In Part II Ludmila and her fearful lady companion Svatava journey into the wild, dark forests and craggy cliffs near today’s town of Beroun. They spy the cross outside the cave were Ivan lives—a very exciting moment in Dvořák’s music—and Ivan begins instructing them in the new faith. A band of hunters appears, led by Prince Bořivoj who shoots a hind. Ivan draws the arrow from the hind’s side and miraculously restores her to full health. Awed by this miracle, and also by the beauty of Ludmila, Bořivoj resolves to accept the new faith. All present rejoice, and a choir of angels sings down from heaven of the blessing that awaits the Czech lands.

 Vrchlický sets Part III of the oratorio in Moravia and has the baptism of Ludmila and Bořivoj by Methodius transpire simultaneously with their wedding. There is no other action, but all have ample opportunity to express their commitment, their joy, and their excitement in thrilling music: above all the couple in an exquisite duet, and the assembled crowd in magnificent choruses, of which the first and last are based on the oldest known Czech song, thought by some to go back to Ludmila’s time: Hospodine pomiluj ny (Lord, be gracious unto us).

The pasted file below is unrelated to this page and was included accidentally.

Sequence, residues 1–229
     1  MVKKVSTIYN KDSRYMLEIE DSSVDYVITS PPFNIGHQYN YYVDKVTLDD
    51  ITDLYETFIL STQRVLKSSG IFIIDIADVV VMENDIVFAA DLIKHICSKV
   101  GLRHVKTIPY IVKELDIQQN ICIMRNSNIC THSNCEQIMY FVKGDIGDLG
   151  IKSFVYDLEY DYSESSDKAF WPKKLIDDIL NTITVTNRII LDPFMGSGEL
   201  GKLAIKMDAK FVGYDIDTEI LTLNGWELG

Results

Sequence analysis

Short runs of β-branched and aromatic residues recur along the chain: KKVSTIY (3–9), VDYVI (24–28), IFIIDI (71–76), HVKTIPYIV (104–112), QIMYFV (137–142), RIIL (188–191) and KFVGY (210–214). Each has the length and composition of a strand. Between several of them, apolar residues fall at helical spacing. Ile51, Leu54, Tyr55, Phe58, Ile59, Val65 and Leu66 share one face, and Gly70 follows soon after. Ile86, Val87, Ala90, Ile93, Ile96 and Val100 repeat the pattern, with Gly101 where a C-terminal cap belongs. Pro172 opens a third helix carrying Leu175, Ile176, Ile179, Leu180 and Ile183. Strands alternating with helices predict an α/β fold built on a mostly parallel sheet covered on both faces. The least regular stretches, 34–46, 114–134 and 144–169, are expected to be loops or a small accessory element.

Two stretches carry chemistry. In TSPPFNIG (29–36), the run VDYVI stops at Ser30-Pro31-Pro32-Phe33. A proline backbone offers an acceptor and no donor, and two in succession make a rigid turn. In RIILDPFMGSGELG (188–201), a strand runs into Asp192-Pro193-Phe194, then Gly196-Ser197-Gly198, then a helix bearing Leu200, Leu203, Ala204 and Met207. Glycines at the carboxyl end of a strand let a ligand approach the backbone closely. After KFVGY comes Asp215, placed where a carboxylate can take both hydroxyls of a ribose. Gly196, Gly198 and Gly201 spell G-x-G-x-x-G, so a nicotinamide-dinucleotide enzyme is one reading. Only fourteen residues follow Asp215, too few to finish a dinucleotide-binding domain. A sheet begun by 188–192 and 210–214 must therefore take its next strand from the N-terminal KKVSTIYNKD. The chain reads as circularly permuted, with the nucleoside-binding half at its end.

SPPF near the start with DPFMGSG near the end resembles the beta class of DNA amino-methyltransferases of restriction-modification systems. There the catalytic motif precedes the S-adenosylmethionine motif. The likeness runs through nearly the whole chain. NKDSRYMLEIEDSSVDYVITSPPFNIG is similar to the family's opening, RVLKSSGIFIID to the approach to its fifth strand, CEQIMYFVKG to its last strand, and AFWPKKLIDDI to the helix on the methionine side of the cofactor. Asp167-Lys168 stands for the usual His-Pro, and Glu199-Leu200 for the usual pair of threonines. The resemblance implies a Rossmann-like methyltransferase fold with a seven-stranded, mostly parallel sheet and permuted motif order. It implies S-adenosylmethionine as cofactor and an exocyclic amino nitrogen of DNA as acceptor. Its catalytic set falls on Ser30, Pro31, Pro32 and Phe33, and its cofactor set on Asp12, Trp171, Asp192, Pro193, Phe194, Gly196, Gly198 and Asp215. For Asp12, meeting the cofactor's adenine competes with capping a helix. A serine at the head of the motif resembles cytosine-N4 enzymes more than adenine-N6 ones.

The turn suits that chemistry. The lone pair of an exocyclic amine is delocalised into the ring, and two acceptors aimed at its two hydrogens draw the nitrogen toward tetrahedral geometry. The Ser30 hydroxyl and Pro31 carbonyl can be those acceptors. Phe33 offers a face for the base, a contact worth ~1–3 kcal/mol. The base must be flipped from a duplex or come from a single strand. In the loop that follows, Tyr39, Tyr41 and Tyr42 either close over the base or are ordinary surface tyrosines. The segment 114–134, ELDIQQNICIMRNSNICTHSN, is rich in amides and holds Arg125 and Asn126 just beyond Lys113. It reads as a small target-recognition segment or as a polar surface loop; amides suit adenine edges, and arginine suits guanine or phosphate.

Dvořák composed Ludmila for a prestigious music festival in the English city of Leeds, which had asked him to write ‘a new work, or piece’ for the festival of 1886. He knew the English festivals were renowned for excellent performances of oratorios, but actually went against the committee’s wishes in choosing the genre of oratorio for his own contribution: they wanted something shorter. They were also not enamored of the idea that his work would deal with a medieval saint from Bohemia; his English publisher Alfred Littleton advised him he should choose a story from the Bible. Dvořák’s reputation, however, was such that all agreed to accept his own notions about the nature of his contribution. The premiere, which he conducted in Leeds on 15 October 1886, was a tremendous success: the audience and performers were enraptured. Alas, critics were less unanimous in their enthusiasm. Among other things they were much bothered by the poor translation of Vrchlický’s libretto into English. Over the next few years a coincidence of unfortunate circumstances led to formation of a consensus in British writings that Ludmila was a failure. The rest of the world of course followed suit in its assessment of the work—without having heard it. Except in Bohemia and Moravia, where Ludmila was performed no less than twenty-one times during Dvořák’s life, always to rave reviews. During the same time America, for instance, heard Ludmila just once. Well, not America, but only residents of the smallish city of Troy, New York, near Albany, who were as enthusiastic as the Czechs—but the performance seems to have gone unnoticed by people elsewhere. (I have failed to find any mention in the press of New York City.) And so to this day Saint Ludmila remains a treasure waiting to be fully discovered by the world. 

In today’s performance in Prague Ludmila will be heard, probably for the first time in a live concert since the premiere in Leeds, in its entirety, without cuts.